Friday, December 6, 2013

LESSONS FROM DECEMBER 7th. 1941 and 1968


 Battleships USS WEST VIRGINIA and USS TENNESSEE after the Japanese attack on Pearl Harbor on Dec. 7, 1941 Department of the Navy. Fourteenth Naval District. (1916 - 09/18/1947), Photographer (NARA record: 1172763 Click on the link below for an hour and half documentary on the attack at Pearl Harbor:

Damage at Pearl Harbor, early color photo by U.S. Coast Guard

  Explosion of the USS SHAW at Pearl Harbor Public Domain photo.

  USS TENNESSEE (middle) fights her fires at Pearl Harbor. The ARIZONA (foreground) and the WEST VIRGINIA were also afire. TENNESSEE damage control teams fought fires of both of these adjacent ships which threatened to spread to the TENNESSEE.

Today is also the 45 Anniversary of what was once the worst peace time loss of Coast Guard crew men in the history of the service.

Unfortunately the loss of 17 crewmen would be exceeded before the 20th century was over in the loss of the CGC BLACK THORN.  The WHITE ALDER sank on the lower Mississippi River just above New Orleans when it was cut in half by the Freighter HELENA registered in Taiwan on December 7, 1968.
 The CGC WHITE ALDER is pictured left in an official USCG photo. Oddly this photo was taken about a year prior to the loss of the CGC WHITE ALDER while she was attempting to salvage the sunken CGC LOGANBERRY, a smaller buoy tender/aids to navigation cutter that sank in rough weather after striking an uncharted submerged object. Our own Johnas Presbyter was there for the LOGAN BERRY mission in charge of a smaller responding Coast Guard vessel. The entire crew of the CGC LOGANBERRY was rescued and the vessel raised and repaired. For the complete story of the WHITE ALDER click here:

 In 1980 a larger Coast Guard Buoy tender the CGC BLACK THORN was sunk after a collision in Tampa Bay with a loss of 23 Coast Guard crew members.   The Loss of the BLACK THORN now stands as the Coast Guard's largest single day loss of personnel in peace time.

  CGC BLACK THORN, Official USCG Photo
 Between the two Buoy tender losses the service lost a training vessel.  The CGC CUYAHOGA was sunk in a collision on the Chesapeake Bay on October 20, 1978. Aboard the CUYAHOGA 10 Coast Guard crew and Officer Trainees were lost as well as one Indonesian Navy Trainee.  USCGC CUYAHOGA 1974 CGC CUYAHOGA, Official USCG Photo:

To put the Coast Guard peace time losses in perspective that started on December 7, 1968 consider that each of these losses of 17, then 10, then 23 members occurred in a single day in a service smaller than the New York city police department at the time. 

 The Coast Guard was present at Pearl Harbor on December 7, 1941:
 The CGC TANEY was present at Pearl Harbor and returned fire. The TANEY survived the rest of the war as well and now is a museum ship in Baltimore harbor. In addition to the Taney at Pearl Harbor on December 7, 1941 were the unarmed 190 foot buoy tender the CGC KUKUI, Two 125 foot armed cutters the RELIANCE and the TIGER. The CGC TIGER was outside the harbor at the time of the attack and was subjected to fire from Japanese air craft which signaled its immediate change of course to its war time predesignated station as the outer harbor entrance patrol vessel, the station from which it rode out the rest of the attack. The actions of the CGC RELIANCE were not posted to the official Coast Guard website on the USCG at Pearl Harbor, nor were those of most of the several smaller numbered vessels ( generally the Coast Guard does not name vessels under 65 feet) with the exception of CG-8 which was under aerial attack, was underway in the harbor and participated in an evacuation of unarmed personnel from a harbor facility and other search and rescue duties during and after the attack. In one of the little know actions of the Pearl harbor attack nearly 1,000 miles away at Midway Japanese destroyers shelled the harbor in the hopes of destroying any naval vessels present. Among the few present was the Coast Guard buoy tender WALNUT which was unarmed. The shells of the Japanese destroyer all fell short of the WALNUT which got under way after the shelling stopped and made a bee line for Pearl Harbor arriving a few days later. At Pearl Harbor the WALNUT was promptly armed.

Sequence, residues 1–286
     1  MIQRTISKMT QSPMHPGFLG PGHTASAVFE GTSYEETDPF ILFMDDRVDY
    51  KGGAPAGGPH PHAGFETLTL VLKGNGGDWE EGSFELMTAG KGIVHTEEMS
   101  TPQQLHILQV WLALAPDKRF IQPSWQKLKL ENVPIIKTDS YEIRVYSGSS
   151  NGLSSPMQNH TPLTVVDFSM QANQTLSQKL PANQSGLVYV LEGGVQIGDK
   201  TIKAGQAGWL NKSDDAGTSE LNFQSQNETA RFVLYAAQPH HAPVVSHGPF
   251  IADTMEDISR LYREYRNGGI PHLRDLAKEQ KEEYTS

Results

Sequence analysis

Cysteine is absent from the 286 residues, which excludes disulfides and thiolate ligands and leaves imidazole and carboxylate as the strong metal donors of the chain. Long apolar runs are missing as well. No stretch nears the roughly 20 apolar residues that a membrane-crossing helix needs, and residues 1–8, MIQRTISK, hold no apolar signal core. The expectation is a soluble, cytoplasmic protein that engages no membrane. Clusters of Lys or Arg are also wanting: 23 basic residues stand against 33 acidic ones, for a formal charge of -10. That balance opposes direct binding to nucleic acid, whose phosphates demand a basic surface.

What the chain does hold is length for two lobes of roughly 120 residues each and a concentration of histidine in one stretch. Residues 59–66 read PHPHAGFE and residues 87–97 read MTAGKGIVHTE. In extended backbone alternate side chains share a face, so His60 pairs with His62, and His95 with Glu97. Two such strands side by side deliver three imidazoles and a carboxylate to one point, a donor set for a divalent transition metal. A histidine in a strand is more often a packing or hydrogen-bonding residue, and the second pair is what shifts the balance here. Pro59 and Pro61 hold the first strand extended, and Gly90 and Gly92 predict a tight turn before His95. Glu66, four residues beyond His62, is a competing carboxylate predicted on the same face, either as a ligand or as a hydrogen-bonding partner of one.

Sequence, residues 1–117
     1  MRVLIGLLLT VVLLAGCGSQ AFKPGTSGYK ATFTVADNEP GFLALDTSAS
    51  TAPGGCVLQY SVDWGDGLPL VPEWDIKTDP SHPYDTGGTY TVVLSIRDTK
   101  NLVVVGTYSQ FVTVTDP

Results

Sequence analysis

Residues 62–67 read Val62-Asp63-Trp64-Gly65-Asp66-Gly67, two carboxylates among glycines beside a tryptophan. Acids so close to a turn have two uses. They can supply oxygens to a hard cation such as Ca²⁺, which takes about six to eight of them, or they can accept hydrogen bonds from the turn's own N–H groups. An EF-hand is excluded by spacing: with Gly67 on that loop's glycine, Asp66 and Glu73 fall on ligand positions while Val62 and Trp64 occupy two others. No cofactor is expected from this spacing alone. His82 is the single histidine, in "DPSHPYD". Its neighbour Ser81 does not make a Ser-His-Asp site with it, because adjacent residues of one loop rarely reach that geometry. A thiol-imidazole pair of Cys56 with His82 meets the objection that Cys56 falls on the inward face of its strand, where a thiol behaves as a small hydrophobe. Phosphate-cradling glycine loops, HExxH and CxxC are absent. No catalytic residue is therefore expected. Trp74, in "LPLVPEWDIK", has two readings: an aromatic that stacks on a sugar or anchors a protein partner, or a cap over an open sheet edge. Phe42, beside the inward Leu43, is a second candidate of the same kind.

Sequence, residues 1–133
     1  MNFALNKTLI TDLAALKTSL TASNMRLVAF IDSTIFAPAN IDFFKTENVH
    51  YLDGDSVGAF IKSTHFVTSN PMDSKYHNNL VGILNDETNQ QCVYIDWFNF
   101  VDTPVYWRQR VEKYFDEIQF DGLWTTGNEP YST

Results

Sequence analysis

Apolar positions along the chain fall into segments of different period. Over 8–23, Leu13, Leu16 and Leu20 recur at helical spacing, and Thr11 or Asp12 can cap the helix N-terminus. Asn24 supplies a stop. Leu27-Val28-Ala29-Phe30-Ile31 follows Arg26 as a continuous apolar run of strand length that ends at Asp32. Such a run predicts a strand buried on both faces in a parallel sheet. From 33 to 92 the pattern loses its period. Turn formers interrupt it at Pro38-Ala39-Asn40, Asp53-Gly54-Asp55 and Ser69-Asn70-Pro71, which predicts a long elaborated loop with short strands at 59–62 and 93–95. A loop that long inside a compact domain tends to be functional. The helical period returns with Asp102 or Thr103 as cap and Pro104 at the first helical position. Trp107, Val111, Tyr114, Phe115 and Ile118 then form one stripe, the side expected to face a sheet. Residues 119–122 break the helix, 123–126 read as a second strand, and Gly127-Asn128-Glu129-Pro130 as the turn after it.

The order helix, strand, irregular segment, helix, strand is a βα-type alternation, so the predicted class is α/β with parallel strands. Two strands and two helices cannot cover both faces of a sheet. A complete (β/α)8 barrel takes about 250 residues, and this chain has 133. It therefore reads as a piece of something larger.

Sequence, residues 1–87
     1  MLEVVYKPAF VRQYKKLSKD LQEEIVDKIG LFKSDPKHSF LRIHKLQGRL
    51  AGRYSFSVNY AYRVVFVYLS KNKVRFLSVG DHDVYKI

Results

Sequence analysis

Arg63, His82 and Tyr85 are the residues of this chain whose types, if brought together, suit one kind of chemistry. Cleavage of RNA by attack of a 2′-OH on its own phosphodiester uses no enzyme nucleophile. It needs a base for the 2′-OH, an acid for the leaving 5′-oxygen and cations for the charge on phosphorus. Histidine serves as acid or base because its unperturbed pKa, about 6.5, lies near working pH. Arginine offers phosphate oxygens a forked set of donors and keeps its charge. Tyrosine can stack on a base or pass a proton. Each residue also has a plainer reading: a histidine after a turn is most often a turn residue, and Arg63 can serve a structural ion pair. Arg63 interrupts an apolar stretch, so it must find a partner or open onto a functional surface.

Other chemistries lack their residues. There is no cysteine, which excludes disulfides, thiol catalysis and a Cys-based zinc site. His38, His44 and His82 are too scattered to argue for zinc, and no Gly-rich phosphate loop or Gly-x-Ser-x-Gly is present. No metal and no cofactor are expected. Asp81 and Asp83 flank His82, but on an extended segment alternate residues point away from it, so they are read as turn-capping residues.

As we continue to monitor the transgressions of the Chinese Navy and Coast Guard  ( and recently air forces) towards their neighbors Japan and the Philippines, December 7th seems a good time to pause and remember that Japanese and American naval forces are still vulnerable to surprise attack at places like Guam where China recently moved shore base missiles on their mainland to within range of Guam. Both U.S. and Japanese forces are vulnerable to sneak attack at Yokosuka and it is publicly stated Chinese national policy to drive the United States Navy back to Pearl Harbor. It is the Coast Guard forces of both Japan and China that mostly confront each other over the disputed islands at the moment. Both sides have emphasized Coast Guard forces in the hopes that their police like nature will enhance legal claims of "effective administration" and save face over any confrontations that look like backing down. Unfortunately China has a poor legal case and no right what so ever to be invading the relevant sea and air spaces. With the recent establishment of an aerial defense zone over the disputed islands by China , air force to air force confrontations are going to occur. December 7, 2013 finds us in a situation all too similar to 1941. In the blink of an eye the distinction between Coast Guard and naval forces can be lost for the duration of a long and costly war. Lets hope the Dragon finally awakens to common sense and the rule of international law. But lets not lull ourselves into the slumber that enveloped Honolulu on December 6, 1941

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